It was widely reported on 9 September that the Garrick Club, whose membership has included such luminaries as Charles Dickens, A. A. Milne Laurence Olivier and John Gielgud, is facing a legal challenge to its exclusion of women from membership. The Guardian reported that Emily Bendell, chief executive and founder of a lingerie company, has instructed Leigh Day solicitors who yesterday sent a pre-action protocol letter threatening action under the Equality Act 2010. The Equality Act 2010 (s107 & Schedule 9) permits membership associations to restrict membership, associate membership and guest privileges to persons who share a “protected characteristic” other than colour, but the letter claimed that, because the club runs a restaurant and guest rooms, it is not permitted to refuse women access to them on the same terms as men.
50.5% of Club members voted in 2015 to permit women entry but a two-thirds majority was required for change, the Guardian reporting at the time that members including Stephen Fry, Damian Lewis, Hugh Bonneville, Michael Gove, Ken Clarke, Sir Trevor McDonald, Melvyn Bragg and Jeremy Paxman had all indicated that they would vote in favour of admitting women to the club. In September 2020 The Guardian reported the claim of Garrick members “that no networking happens on the premises, and that work meetings are discouraged. They stress that since a large proportion of members are retired, the concern that vital connections are forged here is misplaced”. But in 2011 Baroness Hale told an InterLaw Diversity Forum that the culture at the Garrick “was a key factor in why women did not make the top judicial ranks“, stating that it was “quite shocking that so many of my colleagues belong to the Garrick Club, but they don’t see what all the fuss is about.” And in 2015 The Lawyer suggested that “around 25 per cent of the senior judiciary holds membership at the Garrick Club, including those right at the top such as the [then] President of the Supreme Court of the United Kingdom, Lord Neuberger. In addition to judicial representation, a number of senior legal practitioners are also members – including 11 QCs who reportedly voted against allowing women’s membership”.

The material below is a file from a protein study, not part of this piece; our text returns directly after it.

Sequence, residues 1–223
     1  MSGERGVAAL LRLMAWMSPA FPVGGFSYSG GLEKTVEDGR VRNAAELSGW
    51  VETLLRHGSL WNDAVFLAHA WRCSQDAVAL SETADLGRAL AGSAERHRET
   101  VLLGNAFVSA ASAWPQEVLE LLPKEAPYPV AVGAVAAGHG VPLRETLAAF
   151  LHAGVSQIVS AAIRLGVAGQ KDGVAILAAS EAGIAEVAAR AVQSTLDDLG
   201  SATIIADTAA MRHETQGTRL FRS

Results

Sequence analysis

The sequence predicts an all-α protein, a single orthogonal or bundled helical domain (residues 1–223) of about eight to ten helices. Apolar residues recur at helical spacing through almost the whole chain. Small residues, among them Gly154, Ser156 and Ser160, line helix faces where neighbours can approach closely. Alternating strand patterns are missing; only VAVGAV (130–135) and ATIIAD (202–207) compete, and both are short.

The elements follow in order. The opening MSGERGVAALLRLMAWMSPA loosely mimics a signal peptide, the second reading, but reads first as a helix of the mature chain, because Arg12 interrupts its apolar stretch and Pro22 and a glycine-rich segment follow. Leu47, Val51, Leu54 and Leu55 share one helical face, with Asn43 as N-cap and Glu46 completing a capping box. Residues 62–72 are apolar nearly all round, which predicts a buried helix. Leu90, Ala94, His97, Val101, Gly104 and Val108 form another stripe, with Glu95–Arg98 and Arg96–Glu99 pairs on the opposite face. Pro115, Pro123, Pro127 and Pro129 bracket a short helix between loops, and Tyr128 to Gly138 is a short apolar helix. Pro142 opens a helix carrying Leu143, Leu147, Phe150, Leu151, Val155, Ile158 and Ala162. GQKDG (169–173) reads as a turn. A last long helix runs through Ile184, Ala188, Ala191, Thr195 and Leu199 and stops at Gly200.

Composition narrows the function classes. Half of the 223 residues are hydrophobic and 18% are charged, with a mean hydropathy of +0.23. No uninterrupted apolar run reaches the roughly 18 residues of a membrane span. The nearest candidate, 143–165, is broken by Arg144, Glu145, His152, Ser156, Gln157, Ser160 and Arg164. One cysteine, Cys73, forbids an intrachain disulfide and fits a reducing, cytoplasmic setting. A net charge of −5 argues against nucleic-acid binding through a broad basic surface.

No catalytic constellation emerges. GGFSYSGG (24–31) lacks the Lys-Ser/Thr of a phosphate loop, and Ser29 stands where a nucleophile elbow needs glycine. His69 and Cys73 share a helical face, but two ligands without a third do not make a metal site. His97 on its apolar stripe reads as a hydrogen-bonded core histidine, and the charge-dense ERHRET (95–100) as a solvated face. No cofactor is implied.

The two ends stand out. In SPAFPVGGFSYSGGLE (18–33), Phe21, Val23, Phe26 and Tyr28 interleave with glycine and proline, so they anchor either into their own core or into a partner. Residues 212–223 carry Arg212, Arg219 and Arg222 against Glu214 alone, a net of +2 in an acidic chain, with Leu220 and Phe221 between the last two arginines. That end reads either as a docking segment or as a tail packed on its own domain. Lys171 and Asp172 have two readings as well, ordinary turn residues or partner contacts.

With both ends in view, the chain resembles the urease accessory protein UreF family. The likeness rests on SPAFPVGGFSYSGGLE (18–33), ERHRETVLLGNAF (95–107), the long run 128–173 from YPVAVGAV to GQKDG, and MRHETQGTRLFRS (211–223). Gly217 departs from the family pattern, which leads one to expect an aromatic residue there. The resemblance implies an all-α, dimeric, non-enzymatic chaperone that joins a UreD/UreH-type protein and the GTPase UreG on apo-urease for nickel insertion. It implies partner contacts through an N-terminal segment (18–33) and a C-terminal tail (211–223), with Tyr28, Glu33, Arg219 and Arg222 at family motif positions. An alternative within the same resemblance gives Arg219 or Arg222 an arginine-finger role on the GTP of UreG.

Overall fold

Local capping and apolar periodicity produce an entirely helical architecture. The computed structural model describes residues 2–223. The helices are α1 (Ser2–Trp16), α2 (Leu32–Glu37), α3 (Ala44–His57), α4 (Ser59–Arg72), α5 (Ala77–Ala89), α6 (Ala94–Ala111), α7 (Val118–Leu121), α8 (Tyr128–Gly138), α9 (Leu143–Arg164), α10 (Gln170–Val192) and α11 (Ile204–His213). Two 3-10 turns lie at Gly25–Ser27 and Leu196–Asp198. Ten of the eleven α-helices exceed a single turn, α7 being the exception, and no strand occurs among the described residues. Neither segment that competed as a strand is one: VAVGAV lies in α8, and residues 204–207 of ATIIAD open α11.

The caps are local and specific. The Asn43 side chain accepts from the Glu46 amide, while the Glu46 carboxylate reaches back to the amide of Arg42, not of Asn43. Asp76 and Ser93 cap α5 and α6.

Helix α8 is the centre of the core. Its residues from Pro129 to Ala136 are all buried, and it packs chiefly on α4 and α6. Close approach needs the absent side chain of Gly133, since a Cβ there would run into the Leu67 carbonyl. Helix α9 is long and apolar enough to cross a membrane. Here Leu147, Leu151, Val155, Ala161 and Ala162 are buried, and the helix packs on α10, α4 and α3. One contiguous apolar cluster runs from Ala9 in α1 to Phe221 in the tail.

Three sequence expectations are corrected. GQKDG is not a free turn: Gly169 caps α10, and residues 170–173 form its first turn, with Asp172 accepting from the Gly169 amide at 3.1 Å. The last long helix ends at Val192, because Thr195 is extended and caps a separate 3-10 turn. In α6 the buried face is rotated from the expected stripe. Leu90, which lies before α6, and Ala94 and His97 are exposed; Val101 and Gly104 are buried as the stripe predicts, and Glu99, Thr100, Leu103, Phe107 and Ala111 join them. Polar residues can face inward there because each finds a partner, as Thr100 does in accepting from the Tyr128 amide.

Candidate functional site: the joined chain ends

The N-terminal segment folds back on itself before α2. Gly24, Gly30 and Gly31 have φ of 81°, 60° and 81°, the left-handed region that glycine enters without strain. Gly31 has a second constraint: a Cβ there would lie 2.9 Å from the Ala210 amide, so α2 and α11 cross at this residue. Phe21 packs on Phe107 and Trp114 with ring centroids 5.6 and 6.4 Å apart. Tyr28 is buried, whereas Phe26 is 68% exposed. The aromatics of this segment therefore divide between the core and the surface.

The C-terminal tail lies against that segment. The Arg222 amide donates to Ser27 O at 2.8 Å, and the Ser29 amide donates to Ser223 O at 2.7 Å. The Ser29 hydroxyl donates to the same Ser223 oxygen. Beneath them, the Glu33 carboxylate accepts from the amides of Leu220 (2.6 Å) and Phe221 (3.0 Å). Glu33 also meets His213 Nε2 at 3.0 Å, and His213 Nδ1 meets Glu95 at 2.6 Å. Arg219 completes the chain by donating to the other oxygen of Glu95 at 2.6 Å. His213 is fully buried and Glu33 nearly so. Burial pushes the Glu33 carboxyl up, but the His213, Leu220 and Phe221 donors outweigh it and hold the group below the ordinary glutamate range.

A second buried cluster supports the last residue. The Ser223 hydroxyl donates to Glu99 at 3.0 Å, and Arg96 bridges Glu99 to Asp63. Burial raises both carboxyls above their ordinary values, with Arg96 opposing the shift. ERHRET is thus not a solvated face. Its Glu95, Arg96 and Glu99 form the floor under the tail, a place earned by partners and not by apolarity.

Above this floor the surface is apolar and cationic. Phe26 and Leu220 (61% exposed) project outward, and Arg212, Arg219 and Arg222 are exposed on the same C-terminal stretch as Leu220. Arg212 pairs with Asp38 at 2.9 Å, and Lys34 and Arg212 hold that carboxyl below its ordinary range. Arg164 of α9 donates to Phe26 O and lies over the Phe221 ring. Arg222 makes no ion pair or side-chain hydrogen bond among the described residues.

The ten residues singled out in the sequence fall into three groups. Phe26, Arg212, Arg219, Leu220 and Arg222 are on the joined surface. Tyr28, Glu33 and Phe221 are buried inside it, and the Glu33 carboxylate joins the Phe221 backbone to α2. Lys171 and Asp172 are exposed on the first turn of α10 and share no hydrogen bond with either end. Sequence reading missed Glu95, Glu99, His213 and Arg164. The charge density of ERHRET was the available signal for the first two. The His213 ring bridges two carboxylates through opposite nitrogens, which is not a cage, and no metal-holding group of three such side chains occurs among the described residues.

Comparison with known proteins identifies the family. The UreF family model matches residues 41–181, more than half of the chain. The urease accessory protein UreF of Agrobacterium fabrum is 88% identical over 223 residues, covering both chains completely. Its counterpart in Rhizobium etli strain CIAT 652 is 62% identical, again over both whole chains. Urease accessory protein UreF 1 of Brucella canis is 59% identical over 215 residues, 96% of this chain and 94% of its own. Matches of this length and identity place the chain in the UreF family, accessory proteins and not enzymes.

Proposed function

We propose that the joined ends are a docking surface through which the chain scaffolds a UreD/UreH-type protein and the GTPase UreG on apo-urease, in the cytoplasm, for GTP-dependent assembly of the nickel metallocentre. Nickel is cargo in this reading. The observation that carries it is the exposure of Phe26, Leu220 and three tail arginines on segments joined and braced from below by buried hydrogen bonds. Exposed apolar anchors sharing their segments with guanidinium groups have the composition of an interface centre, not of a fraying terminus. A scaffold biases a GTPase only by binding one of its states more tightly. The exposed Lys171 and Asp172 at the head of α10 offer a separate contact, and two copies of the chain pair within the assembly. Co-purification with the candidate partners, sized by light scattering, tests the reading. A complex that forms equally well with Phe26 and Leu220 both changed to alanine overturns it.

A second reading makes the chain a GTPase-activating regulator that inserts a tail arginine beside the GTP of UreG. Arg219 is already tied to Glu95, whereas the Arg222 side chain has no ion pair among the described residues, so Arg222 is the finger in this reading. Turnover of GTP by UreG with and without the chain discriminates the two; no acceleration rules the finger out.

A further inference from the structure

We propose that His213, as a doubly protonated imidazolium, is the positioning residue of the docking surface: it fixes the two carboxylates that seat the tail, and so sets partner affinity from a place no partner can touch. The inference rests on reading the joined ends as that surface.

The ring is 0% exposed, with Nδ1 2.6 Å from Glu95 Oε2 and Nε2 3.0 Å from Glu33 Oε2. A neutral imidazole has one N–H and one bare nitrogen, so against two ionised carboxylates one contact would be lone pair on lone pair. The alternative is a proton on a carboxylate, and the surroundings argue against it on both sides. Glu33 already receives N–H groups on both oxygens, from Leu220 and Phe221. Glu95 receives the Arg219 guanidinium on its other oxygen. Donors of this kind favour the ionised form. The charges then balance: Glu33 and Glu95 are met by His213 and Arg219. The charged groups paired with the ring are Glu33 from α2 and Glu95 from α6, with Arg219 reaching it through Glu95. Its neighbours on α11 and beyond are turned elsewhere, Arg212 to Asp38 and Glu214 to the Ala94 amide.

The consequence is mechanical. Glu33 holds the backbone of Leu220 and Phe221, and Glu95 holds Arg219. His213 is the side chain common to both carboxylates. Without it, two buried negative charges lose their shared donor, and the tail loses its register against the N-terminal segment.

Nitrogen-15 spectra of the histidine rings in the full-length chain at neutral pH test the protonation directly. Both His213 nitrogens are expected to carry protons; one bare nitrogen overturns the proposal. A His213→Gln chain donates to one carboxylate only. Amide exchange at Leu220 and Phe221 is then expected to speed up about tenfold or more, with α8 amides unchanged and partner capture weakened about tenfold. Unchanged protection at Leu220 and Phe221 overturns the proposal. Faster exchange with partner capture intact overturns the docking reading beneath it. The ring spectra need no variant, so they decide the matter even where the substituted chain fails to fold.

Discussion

The Lawyer went on to point out in 2015 that “These men are afforded an opportunity through their membership of the club to spend time with other lawyers and members of the judiciary who may support their own professional aspirations and help them up the ranks. This is an opportunity expressly denied to women. For a profession that still struggles with inclusion – not only in terms of gender, but also class, race, ethnicity, sexuality and disability – this has real, tangible impact on the already-dire statistics at the top. Furthermore, by silently accepting or even supporting the vote, senior figures in the legal profession who are also Garrick Club members perpetuate the message that women in the legal profession implicitly receive every day. You are not welcome here”.
The Garrick is not the only men-only club which facilitates contact between influential men. Politico reported in 2018 that then Foreign Secretary Boris Johnson was a member of the men-only Beefsteak Club as were then Foreign Office ministers Alan Duncan, Hugo Swire and Rory Stewart, former Chancellors Norman Lamont and Nigel Lawson, and Peter Lilley and Nicholas Soames. Pratts was also home to politicians including Nigel Lawson, former Deputy Prime Minister Michael Heseltine, former Conservative leader Michael Howard and former Prime Minister John Major. Heseltine, Lamont and Soames were also members of Whites (David Cameron having resigned when he became leader of the Conservative Party) while Nigel Farage was a member of the men-only East India Club. It is perhaps ironic that these organisations remain bastions of male elitism at a time when the focus of much media and political attention is on battles raging about access to rather more prosaic women-only spaces.